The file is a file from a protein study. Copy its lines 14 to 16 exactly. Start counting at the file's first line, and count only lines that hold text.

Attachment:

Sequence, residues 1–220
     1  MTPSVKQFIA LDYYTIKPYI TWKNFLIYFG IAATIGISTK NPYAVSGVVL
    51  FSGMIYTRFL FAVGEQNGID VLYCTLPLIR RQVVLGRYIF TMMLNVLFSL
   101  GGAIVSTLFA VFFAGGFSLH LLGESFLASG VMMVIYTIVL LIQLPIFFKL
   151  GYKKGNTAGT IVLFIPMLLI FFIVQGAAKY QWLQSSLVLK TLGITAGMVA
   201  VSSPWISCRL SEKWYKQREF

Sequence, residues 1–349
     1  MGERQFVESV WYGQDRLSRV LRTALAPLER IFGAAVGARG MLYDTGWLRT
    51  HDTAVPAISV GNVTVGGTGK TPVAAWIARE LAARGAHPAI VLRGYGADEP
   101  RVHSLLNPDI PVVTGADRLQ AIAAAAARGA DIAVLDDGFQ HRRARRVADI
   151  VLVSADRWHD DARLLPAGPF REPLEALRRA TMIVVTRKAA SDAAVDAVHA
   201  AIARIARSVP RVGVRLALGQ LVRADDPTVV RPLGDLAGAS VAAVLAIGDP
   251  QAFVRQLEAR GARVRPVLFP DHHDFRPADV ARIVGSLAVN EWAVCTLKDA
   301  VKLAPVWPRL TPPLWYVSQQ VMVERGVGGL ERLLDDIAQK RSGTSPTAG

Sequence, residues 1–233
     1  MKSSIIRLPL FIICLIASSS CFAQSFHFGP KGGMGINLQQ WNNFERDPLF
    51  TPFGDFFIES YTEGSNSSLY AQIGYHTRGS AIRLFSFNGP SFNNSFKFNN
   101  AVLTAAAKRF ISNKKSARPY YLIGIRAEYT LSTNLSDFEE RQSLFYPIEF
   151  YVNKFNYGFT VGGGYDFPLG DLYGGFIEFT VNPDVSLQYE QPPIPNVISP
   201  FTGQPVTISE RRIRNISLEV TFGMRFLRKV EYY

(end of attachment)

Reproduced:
   301  VKLAPVWPRL TPPLWYVSQQ VMVERGVGGL ERLLDDIAQK RSGTSPTAG

Sequence, residues 1–233
     1  MKSSIIRLPL FIICLIASSS CFAQSFHFGP KGGMGINLQQ WNNFERDPLF